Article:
Feeds:
Posts
Comments

Posts Tagged ‘Center for Reproductive Rights (CRR)’

smaller baby in bronze judicial scale

Judges, protect the unborn!

Just before the holiday weekend, key arguments were filed with the state Supreme Court of Kansas on behalf of abortionists who want to continue dismembering living unborn babies limb from limb until they bleed to death, and from attorneys for the state Attorney General’s office who are defending the state’s ban on dismemberment abortions.

Last April 2015, Kansas was the first state to pass “The Unborn Child Protection from Dismemberment Abortion Act.” Four other states have now enacted this law –Oklahoma, West Virginia, Mississippi, and Alabama. The bill is on the governor’s desk in Louisiana and expected to be signed perhaps today.

The federal constitutionality of this ban has not been tested, but it was drafted as the logical consequence of the U.S. Supreme Court’s 2007 Gonzales ruling upholding a federal ban on heinous partial-birth abortion method abortions.  Gonzales was based on the reasoning that abortionists’ preferences cannot trump compelling governmental interests in regulating the medical profession and voicing respect for human life and dignity.

Hodes & Nauser

Abortionists Nauser & Hodes

BACKGROUND, KANSAS LAWSUIT
Attorneys from the New York City-based Center for Reproductive Rights (CRR) challenged the Kansas dismemberment ban in state court last June on behalf of Kansas City suburban father-daughter abortionists, Herb Hodes and Traci Nauser. They asserted that a hitherto-undiscovered Kansas constitutional foundation exists for abortions—one that precludes banning dismemberment method abortions.

 Judge Hendricks

Judge Hendricks

Shawnee District Court Judge Larry Hendricks found the novel CRR position so appealing that within moments of the oral arguments last July, he imposed an injunction preventing the ban from going into effect.

Kansas Attorney General Derek Schmidt sought immediately to undo that injunction with the Kansas state Court of Appeals. (see documents here) However the Court of Appeals rendered a split ruling January 22, allowing these abortions to continue unabated.

AG Derek Schmidt

AG Derek Schmidt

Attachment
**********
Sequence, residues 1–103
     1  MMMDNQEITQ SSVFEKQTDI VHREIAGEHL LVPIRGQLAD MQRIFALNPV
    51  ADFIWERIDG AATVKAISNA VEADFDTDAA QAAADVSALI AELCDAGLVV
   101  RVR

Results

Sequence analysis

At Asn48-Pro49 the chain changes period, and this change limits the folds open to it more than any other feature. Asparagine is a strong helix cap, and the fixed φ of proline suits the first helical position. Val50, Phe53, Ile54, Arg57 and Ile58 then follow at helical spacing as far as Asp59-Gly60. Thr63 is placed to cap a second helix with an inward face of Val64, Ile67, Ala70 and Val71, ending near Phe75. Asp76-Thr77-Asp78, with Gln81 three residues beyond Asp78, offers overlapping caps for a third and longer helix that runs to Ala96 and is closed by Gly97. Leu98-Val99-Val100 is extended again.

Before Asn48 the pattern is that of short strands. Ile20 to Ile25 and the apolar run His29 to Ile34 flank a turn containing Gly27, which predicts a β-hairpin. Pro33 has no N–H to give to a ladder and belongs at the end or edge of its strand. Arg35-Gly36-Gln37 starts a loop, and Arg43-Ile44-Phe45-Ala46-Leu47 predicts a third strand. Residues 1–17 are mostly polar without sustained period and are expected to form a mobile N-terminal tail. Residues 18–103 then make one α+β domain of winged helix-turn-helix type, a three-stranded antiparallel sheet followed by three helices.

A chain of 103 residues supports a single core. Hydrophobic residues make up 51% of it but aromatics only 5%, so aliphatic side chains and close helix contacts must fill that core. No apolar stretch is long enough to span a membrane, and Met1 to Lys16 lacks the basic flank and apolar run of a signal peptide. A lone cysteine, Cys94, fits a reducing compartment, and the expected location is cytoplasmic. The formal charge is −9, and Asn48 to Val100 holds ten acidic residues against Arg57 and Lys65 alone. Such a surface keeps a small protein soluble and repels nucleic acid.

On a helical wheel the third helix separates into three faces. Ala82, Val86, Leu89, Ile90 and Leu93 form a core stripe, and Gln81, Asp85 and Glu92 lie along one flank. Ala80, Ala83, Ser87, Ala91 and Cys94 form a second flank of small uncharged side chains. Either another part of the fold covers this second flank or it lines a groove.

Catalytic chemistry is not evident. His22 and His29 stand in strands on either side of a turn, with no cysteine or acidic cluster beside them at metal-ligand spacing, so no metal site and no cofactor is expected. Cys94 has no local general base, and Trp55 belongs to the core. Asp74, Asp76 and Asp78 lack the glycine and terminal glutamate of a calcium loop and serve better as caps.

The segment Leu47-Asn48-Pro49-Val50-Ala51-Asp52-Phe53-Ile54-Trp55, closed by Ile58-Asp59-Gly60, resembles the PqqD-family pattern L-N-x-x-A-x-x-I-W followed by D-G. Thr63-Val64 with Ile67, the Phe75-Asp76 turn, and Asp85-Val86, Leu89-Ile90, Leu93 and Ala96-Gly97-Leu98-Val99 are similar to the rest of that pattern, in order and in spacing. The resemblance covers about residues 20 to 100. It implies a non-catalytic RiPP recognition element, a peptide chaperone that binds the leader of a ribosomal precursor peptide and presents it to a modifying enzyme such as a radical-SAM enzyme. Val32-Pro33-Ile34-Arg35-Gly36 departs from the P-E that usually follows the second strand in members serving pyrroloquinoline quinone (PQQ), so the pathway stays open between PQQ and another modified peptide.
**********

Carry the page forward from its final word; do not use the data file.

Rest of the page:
Both sides appealed to the state Supreme Court. (see AG supplemental filing and abortionist supplemental filing) In addition to arguing that the trial judge’s conclusion was in error, Schmidt’s office argued that the appellate ruling was –in fact—actually a 7-6-1 decision and is hopelessly confusing. The state Supreme Court has since agreed to review the matter but the hearing date has not yet been set.

NATIONAL IMPACT
If the claim that abortion is grounded in the state Constitution succeeds, the strategy will undoubtedly be used in every other state. Thus these new legal filings last week are of the utmost importance not just to Kansas but to all states. Of paramount concern is that credence will be given to these abortion attorneys’ claims:

  1. that a state Constitution must be contorted to contain an even more radical basis for unlimited abortion than that of the U.S. Supreme Court’s 1973 Roe v Wade ruling;
  2. that the Kansas Bill of Rights language about “life, liberty, and the pursuit of happiness” (that many states share) must elevate woman’s “self-determination” and “decisional autonomy” and ignore the distinct, separate rights of the fully-human unborn child; and
  3. that Courts must be emboldened to ignore plain reading standards and accept “evolving” reasons to invalidate duly-passed legislation.
KS court appeals

Kansas Court of Appeals

On Jan . 22, 2016, seven of the 14 members of the Kansas state Court of Appeals firmly rejected those claims. They acknowledged what seven other appellate judges ignored—that there is an unborn child’s right to life at stake.

“Because the Kansas Constitution provides no substantive due process right to abortion, our legislature is free to restrict abortion procedures to the extent it finds it appropriate.”

Furthermore, they rightly concluded there is no right to abortion “expressly found in the text” of the state Constitution and that “it should not be done by judicial decree.”

Ks Supreme Court

Kansas Supreme Court

As the Kansas Supreme Court begins consideration of this issue, they:

  • should refuse to take the pro-abortion activist stance which invents abortion protection that did not exist in the Kansas pre-Civil War Constitution, nor afterward, and